Given this is such an emotional piece, I would have liked to have seen a bit more from the acting, but to be fair, these are students still finding a voice  and working with difficult material and a terrifying subject matter. I was still emotionally invested, hanging on every word. Kudos to the ASD team on this one. It was at this point, it was obvious the audience was in for a good night.

“I Was There” at tech rehearsals

3. Curtain Call

Seán Ó Súilleabháin can write dialogue and characters – believable dialogue and believable characters. He can even weave a universe and story together. This piece overall was quite good, with strong writing and wonderful acting and characterization. The quality was there.

However, as good as the writing may have been and as strong as the quality of acting was, this piece was just too slow and plodding to engage interest the whole time. The material itself was a bit inaccessible with undoubtedly at least half of the audience wondering what was going on (while feeling less engaged.) This piece, while good, won’t be for everyone.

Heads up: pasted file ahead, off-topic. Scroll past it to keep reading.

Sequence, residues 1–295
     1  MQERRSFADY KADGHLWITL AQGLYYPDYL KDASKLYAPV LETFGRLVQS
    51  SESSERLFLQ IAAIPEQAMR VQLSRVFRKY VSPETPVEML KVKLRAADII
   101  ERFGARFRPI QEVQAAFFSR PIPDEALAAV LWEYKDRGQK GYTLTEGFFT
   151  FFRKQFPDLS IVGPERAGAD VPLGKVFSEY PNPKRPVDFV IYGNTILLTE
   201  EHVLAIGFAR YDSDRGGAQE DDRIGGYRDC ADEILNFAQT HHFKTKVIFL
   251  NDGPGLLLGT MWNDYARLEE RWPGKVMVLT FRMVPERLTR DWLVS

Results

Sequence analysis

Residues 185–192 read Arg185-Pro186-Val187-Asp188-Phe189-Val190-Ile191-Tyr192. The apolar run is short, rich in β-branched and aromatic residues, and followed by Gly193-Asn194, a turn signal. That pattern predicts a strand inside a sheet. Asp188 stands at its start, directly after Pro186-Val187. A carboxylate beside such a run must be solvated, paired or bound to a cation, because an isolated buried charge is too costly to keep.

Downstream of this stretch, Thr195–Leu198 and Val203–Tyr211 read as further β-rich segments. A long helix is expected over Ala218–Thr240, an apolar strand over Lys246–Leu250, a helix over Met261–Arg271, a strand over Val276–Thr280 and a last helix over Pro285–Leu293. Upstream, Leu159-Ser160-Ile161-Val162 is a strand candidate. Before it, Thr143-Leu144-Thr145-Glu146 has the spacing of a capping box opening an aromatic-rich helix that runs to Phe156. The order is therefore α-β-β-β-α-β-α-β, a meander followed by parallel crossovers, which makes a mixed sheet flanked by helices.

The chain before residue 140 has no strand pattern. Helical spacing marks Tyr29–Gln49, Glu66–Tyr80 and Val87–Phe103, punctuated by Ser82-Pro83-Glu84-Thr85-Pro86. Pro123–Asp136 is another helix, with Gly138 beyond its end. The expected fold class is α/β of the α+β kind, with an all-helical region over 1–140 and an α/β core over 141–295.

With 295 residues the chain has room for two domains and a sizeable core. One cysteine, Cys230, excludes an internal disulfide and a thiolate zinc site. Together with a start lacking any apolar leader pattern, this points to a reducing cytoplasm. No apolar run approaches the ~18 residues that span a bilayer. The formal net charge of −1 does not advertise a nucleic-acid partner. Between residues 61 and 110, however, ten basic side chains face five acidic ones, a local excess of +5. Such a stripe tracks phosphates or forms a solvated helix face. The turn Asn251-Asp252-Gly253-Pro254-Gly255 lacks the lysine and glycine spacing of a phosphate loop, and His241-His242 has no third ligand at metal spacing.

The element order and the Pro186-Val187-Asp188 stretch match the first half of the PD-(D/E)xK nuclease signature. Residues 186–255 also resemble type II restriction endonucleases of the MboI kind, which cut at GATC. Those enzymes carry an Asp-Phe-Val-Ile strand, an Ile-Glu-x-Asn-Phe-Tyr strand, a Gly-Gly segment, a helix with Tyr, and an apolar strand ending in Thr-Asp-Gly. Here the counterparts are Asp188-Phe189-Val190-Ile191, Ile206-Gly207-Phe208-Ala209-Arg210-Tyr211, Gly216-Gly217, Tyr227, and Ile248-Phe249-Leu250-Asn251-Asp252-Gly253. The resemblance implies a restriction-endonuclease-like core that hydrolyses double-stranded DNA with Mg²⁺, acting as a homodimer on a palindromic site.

One minor note: projection from the actors needs to be worked on. I was front row and still straining to hear.

4. Happy Death Day to You (Lunar Eclipse Part 2)

During the Alex Broun Play Festival, our One Mad Camel made a comment about director Pawan Manghnani choosing to send at least one actor into the aisle for each of the Aish Outt Productions’ plays. Well, not one to be proven wrong, Pawan sent the entire cast (and practically the whole play) into the aisle and the audience. To his credit, this worked. (Go all or nothing?) The gimmicks of the play: the non-traditional stage, lighting effects, water effects (yes, really), the voices, these are what worked about the play. But it still missed out on what it could be.

It was obvious what Pawan was attempting to do: a B-grade horror (horror comedy, really). But it did not succeed due to misunderstood and weak delivery by the cast, and slow pacing. The tension was never heightened, and therefore no interest developed in the story (whether horror or not.) The script itself is not as bad as some might feel. Pawan’s vision in the script can be seen, but with missed delivery, it just runs into a brick wall.